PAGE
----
This blog post is part V in a series of posts to assist private property owners with protecting their property interests and rights in eminent domain actions and government takings.  Part I provided a general overview of eminent domain and the government’s ability to take private property for public use.  Part II discussed Florida law on the allowable scope for the taking of private property, which is determined by the element of reasonable necessity.  Part III addressed regulatory takings, and Part IV explained how “just compensation” is determined.  The fifth and final addition to this series concerns a property owner’s entitlement to attorney’s fees in eminent domain proceedings.

A property owner faced with a governmental taking of his or her property is likely to seek legal representation, but a great concern is whether these attorney’s fees and associated costs are recoverable from the condemning authority.  In Florida, attorney’s fees are only recoverable if expressly provided for by either contract or statute.  Eminent domain is one area of Florida law where the right to recover attorney’s fees is codified in the statutes.  Other costs incurred by owners defending themselves in condemnation proceedings are also recoverable.

While available under Florida law, certain conditions must be met before these fees and costs are recoverable.  First, attorney’s fees are only recoverable after a property owner receives a formal written offer from the condemning authority.  Stated another way, attorney’s fees incurred by a property owner prior to receiving this formal written offer are unavailable.  See Fla. Stat. § 73.092(1)(a).  Second, the property owner must receive a benefit from obtaining legal counsel.

A formal written offer in the context of condemnation proceedings is defined as an offer that makes reference to the eminent domain statutes, expresses the offer in certain and definite terms, is immediately binding upon acceptance by the owner, and contains no contingencies.  Pompano Beach Community Redevelopment Agency v. Holland, 2011 WL 4056251 (Fla. 4th DCA 2011).  An offer that is subject to contingencies and does not obligate the government to purchase the property is not a formal written offer for the purposes of recovering attorney’s fees.  Florida Dept. of Agriculture and Consumer Services v. Bogorff, 132 So. 3d 249 (Fla. 4th DCA 2013).  After a condemning authority issues a formal written offer to a property owner, negotiations for payment of the underlying property usually commence and a property owner may want legal representation for these negotiations.  If a settlement is reached prior to the filing of a lawsuit, the property owner who settles a compensation claim in lieu of condemnation proceedings is entitled to recover costs in the same manner as would be available in litigation.  Fla. Stat. § 73.015(4).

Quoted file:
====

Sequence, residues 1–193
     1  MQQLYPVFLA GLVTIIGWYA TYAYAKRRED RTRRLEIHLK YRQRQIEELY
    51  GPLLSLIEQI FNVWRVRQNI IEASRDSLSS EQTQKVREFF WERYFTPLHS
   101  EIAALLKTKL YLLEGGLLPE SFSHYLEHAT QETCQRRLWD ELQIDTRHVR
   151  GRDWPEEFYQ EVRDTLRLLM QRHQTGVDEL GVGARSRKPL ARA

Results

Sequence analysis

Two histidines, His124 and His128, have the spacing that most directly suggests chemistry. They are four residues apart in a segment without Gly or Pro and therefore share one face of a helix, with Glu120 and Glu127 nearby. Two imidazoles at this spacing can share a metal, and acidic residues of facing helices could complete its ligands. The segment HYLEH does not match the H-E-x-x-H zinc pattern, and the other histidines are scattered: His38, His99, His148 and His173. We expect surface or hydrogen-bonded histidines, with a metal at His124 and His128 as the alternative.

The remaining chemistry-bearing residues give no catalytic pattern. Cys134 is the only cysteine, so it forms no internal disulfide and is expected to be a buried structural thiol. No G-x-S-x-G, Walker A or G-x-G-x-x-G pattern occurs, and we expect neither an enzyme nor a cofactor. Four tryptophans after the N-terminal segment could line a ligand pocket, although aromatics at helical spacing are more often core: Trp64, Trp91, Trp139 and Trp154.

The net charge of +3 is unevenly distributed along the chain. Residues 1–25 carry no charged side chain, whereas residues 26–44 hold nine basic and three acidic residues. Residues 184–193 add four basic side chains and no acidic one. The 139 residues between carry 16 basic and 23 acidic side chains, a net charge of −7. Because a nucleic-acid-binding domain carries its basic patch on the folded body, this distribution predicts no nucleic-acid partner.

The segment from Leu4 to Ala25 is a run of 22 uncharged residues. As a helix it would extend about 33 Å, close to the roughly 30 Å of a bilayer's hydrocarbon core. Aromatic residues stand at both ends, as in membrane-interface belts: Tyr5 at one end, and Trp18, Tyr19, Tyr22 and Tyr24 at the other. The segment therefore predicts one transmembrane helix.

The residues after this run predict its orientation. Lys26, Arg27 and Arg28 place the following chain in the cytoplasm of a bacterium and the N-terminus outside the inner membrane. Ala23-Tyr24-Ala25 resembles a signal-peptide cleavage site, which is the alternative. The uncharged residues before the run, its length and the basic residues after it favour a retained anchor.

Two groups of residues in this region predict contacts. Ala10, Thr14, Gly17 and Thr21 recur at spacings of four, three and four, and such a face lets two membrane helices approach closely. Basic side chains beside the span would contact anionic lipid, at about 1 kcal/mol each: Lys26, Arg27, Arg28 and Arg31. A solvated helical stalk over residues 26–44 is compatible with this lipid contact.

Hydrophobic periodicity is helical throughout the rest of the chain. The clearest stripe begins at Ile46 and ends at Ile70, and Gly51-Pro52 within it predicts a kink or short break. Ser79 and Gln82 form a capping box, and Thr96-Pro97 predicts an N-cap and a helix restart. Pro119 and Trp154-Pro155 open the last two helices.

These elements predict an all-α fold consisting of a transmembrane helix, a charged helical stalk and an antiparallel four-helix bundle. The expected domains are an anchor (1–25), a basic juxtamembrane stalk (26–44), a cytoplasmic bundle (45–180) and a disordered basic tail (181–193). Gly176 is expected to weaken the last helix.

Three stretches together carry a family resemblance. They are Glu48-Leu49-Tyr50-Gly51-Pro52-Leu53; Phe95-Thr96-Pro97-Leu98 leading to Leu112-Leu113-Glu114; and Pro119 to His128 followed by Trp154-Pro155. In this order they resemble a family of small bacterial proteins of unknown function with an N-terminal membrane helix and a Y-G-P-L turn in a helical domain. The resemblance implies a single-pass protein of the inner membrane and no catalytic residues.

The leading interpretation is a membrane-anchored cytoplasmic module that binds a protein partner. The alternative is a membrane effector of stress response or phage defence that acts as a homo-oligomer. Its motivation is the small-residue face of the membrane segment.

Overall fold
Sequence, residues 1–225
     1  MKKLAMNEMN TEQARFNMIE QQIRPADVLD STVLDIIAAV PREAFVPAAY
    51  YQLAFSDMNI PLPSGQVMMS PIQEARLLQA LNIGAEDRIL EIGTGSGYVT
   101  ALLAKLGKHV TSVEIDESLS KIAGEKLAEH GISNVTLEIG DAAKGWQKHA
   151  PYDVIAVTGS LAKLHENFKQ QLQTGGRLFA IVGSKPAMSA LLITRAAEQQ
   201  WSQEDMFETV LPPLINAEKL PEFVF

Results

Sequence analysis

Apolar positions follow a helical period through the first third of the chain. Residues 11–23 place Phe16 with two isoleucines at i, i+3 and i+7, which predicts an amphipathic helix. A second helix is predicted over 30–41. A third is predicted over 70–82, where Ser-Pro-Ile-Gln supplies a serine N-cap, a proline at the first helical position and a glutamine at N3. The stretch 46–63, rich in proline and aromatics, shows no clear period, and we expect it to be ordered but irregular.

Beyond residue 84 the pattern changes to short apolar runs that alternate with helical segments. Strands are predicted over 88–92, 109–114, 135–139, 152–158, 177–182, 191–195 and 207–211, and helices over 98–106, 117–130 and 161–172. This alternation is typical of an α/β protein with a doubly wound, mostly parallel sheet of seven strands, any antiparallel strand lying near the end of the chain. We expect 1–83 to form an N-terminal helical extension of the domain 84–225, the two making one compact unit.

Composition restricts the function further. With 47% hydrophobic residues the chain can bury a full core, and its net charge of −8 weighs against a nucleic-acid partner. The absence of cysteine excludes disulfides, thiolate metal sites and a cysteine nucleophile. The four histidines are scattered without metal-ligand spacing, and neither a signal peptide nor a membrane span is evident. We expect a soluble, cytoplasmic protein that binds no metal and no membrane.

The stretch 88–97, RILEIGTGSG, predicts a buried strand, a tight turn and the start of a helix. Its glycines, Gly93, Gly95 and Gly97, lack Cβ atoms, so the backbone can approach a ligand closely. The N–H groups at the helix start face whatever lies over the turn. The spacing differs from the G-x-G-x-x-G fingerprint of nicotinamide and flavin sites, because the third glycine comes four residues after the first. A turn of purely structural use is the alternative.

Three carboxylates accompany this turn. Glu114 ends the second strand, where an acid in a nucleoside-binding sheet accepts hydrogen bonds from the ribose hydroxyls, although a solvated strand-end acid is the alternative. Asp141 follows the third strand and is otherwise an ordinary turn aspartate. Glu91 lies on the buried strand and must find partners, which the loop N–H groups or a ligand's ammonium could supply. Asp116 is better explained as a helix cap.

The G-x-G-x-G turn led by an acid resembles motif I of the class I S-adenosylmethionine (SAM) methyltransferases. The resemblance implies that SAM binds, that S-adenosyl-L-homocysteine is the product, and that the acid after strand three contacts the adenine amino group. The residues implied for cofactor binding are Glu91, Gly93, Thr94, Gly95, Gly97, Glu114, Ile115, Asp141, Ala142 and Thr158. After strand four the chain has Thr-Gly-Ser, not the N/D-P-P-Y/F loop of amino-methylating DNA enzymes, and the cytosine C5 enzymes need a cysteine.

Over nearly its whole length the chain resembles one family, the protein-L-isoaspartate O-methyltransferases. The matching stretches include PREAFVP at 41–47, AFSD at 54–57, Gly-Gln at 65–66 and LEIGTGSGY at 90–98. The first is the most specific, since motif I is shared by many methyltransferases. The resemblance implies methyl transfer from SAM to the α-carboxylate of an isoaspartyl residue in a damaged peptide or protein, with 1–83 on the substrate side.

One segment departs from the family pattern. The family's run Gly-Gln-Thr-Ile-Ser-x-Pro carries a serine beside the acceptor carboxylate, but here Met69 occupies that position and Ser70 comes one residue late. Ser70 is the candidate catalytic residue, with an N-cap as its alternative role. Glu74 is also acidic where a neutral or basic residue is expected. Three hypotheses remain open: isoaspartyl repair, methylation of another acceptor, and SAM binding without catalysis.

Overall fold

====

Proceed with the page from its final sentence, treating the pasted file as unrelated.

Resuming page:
If litigation is necessary, the condemning authority shall pay the attorney’s fees as well as all reasonable costs incurred in the owner’s defense of the proceedings in the circuit court.  Fla. Stat. § 73.091(1).  Under Florida law, a court in eminent domain proceedings shall award attorney’s fees in favor of the property owner based solely on the benefits achieved for the property owner by his or her attorney in litigation.  Fla. Stat. § 73.092(1).  Florida law does not provide for the consideration of any factor for the recovery of attorney’s fees other than the benefits to the property owner in eminent domain litigation.  Sarasota County v. Curry, 861 So.2d 1239 (Fla. 2d DCA 2003).  The term “benefits” means the difference between the final judgment or settlement and the last written offer made by the condemning authority before the property owner hires an attorney.  Fla. Stat. § 73.092(1).  If no written offer is made by the condemning authority before the property owner hires an attorney, benefits must be measured from the first written offer after the attorney is hired.  Id.  The court may also consider nonmonetary benefits obtained for the property owner through the efforts of his or her attorney, so long as these nonmonetary benefits are recognized by the court and can be quantified.  Id.

Regarding other recoverable costs beyond attorney’s fees, due to the constitutional guaranty of just compensation for the taking of private property, just compensation cannot be diminished by the costs of the proceeding incurred by property owners.  Orange State Oil Co. v. Jacksonville Expressway Authority, 143 So. 2d 892 (Fla. 1st DCA 1962).  Thus, court costs and other costs of litigation are recoverable.  This also includes reimbursement for a property owner’s expert witnesses needed during the condemnation proceedings.  See Florida East Coast Ry. Co. v. Martin County, 171 So.2d 873 (Fla. 1965).  A final word of caution to property owners who may be facing a governmental taking of their property, attorney’s fees and other costs are not recoverable, even if the owner acts in good faith in retaining an attorney, where the condemning authority abandons the project and never files a condemnation action.  Calhoun, Dreggors & Associates v. Volusia County, 26 So. 2d 624 (Fla. 5th DCA 2009).